Posture is everything for growing to be long and lean. The spine and pelvis must be in a natural position. A postural plumb line must be straight from the top of the head, down through your body's natural curves, to your ankle bones.
If a mirror at the ballet studio, or at home, reflects a vertical line of some kind, like a door frame, stand at the mirror so that you can place your body sideways, in front of the line. Notice how your spine and legs line up along the line. If your weight is leaning back, or too far forward from your ankles, you will be able to see that you are not standing along the line.
Your spine has three natural curves. The most noticeable curve is at the waist area of the lumbar spine. A common misconception is that this curve should be pulled long, by tucking the pelvis under, and that this stance protects the low back. Exactly the opposite is true. Years of tucking under will lead to low back pain and perhaps even herniated discs. Correct posture will protect the discs. The discs, in turn, cushion the bones and allow maximum comfortable movement.
This tucking under of the pelvis will develop big thighs, or quads, and big butts, or gluteal muscles. The body weight presses down on the thighs, not allowing any elongation of the muscles. The deep rotator muscles are not in a prime position to hold turnout, and the gluts have to be held clenched in a bulked up fashion, to keep the pelvis stable.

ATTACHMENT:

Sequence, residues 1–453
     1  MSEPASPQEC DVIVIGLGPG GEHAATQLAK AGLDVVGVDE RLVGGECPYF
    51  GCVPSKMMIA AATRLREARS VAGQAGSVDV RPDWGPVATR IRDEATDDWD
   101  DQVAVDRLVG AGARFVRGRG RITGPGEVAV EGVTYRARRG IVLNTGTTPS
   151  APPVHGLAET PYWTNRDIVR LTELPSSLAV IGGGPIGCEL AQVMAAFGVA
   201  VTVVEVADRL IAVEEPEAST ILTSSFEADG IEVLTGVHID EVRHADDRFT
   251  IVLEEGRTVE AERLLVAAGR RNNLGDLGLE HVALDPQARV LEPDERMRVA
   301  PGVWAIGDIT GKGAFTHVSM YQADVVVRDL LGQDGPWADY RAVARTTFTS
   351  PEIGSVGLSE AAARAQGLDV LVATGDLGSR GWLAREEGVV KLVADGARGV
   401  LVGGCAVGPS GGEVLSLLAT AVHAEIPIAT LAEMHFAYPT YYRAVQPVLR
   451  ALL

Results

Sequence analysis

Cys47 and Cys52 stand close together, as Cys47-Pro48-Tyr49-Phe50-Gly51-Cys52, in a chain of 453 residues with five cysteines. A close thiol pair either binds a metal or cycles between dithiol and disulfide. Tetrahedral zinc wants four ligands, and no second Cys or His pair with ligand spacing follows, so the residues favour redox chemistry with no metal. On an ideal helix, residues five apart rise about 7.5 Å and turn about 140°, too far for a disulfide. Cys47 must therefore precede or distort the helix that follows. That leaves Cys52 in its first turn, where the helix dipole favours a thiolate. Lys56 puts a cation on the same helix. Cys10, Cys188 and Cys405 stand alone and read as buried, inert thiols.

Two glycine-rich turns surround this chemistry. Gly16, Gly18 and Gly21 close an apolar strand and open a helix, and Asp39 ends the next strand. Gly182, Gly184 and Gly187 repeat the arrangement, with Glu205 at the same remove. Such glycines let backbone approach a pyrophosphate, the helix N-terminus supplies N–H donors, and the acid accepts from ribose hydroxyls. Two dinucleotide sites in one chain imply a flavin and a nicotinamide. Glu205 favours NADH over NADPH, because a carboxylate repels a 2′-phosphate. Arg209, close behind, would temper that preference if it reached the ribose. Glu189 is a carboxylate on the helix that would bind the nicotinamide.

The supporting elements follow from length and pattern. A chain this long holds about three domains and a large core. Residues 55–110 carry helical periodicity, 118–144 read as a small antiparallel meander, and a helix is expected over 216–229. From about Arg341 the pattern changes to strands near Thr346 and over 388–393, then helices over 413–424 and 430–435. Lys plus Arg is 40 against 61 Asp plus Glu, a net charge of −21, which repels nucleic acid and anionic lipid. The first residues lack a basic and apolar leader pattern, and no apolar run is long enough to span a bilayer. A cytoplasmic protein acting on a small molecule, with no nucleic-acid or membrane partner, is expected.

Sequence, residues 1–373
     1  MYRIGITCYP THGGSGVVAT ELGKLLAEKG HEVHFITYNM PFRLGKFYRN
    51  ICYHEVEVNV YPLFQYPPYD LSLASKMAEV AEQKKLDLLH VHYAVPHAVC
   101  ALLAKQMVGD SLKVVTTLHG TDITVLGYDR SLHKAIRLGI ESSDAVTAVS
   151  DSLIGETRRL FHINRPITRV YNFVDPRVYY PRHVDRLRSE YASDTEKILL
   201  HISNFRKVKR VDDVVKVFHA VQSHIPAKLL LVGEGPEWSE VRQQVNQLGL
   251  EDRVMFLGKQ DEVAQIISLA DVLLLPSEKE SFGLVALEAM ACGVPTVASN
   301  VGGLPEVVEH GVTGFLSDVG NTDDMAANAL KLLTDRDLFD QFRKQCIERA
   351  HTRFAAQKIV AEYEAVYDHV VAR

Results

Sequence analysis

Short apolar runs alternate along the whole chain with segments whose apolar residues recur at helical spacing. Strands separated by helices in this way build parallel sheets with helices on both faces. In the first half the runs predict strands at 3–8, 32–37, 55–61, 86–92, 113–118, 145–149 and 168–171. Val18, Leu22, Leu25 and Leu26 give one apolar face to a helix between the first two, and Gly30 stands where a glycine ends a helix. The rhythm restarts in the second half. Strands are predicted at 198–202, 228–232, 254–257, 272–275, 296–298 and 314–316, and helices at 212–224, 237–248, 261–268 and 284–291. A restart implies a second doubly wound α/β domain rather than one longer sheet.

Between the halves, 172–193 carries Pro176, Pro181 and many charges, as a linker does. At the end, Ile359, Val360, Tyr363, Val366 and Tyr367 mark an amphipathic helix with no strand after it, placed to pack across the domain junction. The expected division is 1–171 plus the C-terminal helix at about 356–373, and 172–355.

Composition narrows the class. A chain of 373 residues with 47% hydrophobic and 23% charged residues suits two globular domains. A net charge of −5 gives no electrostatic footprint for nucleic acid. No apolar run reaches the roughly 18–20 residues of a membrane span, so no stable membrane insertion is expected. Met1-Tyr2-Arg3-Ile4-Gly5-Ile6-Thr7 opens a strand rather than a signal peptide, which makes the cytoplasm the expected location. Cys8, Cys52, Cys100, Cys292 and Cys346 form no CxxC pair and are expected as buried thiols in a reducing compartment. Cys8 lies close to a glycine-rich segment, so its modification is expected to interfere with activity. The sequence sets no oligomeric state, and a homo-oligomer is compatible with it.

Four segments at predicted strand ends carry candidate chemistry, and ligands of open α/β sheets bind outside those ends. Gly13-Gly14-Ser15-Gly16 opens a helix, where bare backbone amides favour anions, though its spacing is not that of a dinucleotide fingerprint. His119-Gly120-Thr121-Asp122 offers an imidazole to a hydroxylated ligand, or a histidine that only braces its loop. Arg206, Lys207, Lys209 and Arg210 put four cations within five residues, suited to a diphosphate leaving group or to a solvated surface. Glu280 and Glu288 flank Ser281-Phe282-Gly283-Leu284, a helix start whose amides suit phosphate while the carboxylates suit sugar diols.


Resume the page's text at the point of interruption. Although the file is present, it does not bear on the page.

The long lean look of a ballerina is from working pulled up in the deep lower ab muscles, and with a feeling of pressing down through the center of her leg bones, as if pushing the floor away. The thigh muscles pull up but do not clench hard. You need a certain amount of tension for the stability of each ballet position and movement, but not more than that. Extra tension will create less fluidity of your ballet movement.
Pilates is an excellent cross training for dancers because all exercises are done emphasizing length.
If you understand the correct posture that a ballerina works in, you can learn how to get the long and lean look, and avoid the big butts and big thighs that develop from working in an unnatural way.
Click here and find out how a would-be ballerina and men in ballet get exactly the right fit in ballet shoes and pointe shoes, prevent dance injuries, get The Perfect Pointe Book, The Ballet Bible, and Deborah Vogel's products on injury prevention and functional anatomy. Dianne M. Buxton trained at The National Ballet School of Canada, The Martha Graham School of Contemporary Dance and Toronto Dance Theater.